I've always referred to, as do the programmers around me that work on it, a mainframe being our IBM iSeries. A main server (we have 2) with remote stations connecting to it as terminals. In our environment, the remote terminals are Windows XP Embedded thin clients running IBM iSeries Access and the programming language used on the iSeries is RPG.
From the very little I understand, it ships with more processors than we use (CPU on demand) - jobs can be batched and assigned a priority. This is a the typical green screen banks use, although we use all 16 colors to make things easier to read and we have some mouse click functionality in the screen.
We're in the process of migrating to a new one, that came in its own IBM branded rack (the old one was just a standing floor model).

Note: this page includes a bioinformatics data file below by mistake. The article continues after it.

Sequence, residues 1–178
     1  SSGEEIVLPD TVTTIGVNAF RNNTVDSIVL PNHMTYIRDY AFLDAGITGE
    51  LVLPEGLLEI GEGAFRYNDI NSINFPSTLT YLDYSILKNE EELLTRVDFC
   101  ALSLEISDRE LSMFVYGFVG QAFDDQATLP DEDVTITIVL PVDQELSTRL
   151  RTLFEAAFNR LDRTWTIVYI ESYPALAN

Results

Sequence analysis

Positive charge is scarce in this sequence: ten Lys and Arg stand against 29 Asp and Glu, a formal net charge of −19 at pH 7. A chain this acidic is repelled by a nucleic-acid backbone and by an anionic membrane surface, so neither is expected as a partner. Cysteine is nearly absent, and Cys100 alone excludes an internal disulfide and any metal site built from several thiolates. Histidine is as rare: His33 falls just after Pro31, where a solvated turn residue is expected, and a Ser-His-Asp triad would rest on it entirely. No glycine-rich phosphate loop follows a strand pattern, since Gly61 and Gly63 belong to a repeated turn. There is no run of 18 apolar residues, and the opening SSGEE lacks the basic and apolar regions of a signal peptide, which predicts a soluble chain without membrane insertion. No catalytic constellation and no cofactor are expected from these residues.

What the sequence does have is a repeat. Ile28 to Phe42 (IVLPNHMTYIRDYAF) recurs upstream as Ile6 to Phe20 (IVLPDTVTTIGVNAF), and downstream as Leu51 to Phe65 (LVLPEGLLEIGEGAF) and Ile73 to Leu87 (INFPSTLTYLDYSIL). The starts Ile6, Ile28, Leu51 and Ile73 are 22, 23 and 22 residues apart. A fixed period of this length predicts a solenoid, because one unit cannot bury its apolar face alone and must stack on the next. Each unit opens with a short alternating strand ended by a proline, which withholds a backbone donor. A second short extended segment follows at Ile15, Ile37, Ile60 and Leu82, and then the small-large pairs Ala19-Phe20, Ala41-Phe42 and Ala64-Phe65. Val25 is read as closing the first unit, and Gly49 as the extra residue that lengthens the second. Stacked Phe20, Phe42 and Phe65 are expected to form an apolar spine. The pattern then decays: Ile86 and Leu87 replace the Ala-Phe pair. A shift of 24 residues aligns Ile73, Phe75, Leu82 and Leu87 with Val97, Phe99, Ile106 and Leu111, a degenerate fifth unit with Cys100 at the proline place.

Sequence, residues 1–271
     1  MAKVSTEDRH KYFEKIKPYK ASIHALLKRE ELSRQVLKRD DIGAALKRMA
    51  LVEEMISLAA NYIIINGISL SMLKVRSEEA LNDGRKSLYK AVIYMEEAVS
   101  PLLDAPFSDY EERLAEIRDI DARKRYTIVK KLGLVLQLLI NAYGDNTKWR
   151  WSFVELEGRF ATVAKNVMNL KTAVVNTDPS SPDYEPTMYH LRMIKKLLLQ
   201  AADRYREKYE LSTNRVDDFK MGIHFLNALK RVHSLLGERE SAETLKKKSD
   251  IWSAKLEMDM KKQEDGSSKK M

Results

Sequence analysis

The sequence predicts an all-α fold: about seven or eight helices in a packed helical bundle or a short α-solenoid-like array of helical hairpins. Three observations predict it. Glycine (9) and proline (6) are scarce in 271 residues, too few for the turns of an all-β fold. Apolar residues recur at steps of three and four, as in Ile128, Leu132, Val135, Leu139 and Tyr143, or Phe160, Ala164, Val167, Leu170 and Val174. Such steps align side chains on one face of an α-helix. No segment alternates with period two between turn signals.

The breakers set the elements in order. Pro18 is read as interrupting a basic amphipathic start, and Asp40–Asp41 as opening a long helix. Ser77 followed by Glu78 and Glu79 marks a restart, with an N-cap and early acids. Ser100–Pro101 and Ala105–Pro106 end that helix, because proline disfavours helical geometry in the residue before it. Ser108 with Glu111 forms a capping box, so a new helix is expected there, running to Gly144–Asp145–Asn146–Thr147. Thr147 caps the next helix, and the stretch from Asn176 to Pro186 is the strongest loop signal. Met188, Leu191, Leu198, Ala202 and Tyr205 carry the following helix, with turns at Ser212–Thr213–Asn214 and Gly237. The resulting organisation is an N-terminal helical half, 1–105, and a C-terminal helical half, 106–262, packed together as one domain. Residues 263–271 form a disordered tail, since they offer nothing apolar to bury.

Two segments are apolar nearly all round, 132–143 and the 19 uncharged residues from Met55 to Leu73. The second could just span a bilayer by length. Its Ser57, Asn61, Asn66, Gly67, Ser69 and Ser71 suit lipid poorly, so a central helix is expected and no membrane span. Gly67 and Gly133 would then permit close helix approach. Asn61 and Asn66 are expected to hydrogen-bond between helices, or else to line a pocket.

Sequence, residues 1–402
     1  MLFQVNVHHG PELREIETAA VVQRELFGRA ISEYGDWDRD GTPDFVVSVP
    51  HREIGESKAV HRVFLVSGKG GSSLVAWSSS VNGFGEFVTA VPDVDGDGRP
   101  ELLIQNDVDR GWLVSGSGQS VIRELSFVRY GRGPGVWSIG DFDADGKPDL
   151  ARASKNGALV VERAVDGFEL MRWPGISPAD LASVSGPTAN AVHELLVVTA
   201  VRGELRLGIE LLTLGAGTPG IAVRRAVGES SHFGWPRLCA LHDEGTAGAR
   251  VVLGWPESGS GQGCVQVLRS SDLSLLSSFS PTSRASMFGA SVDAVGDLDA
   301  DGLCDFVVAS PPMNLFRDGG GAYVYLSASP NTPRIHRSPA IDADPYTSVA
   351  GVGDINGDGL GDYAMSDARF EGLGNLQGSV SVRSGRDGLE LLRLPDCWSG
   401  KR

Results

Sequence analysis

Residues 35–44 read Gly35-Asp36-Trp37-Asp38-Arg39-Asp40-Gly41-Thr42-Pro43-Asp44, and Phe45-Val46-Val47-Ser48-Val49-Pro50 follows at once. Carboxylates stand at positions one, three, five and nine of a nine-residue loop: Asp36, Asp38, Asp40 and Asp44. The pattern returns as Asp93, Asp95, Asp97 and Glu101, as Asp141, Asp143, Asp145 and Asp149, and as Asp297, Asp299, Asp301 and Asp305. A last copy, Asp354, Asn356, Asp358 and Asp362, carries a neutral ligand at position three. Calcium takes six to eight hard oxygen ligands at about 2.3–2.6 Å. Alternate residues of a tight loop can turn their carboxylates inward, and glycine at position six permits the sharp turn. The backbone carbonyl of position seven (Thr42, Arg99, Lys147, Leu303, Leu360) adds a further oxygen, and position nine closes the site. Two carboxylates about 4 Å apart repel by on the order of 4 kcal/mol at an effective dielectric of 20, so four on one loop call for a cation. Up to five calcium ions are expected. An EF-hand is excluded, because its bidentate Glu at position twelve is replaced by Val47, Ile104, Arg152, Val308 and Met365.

iSeries Access is just a glorified telnet program (I've connected to it over telnet via my Mac) and my website connects to it via ODBC. Aside from iSeries Access (being a windows program) there is no GUI. Its all what looks like a command prompt. iSeries Navigator exists, but we don't use it (this would be the closest to a GUI that we have)
I've worked for 2 banks in the past and they all used some form of machine like this from IBM. Before we purchased this new rack, we considered moving to a blade system but that would have required much more migration time than we liked. Our iSeries admin ust to work for a casino and they had an entire room dedicated to multiple rack systems. In our industry, there is 1 other competitor, and its Intel based. Our application is written in house and was written for IBM and RPG.
The "i" is a class - theres are others; zSeries comes to mind.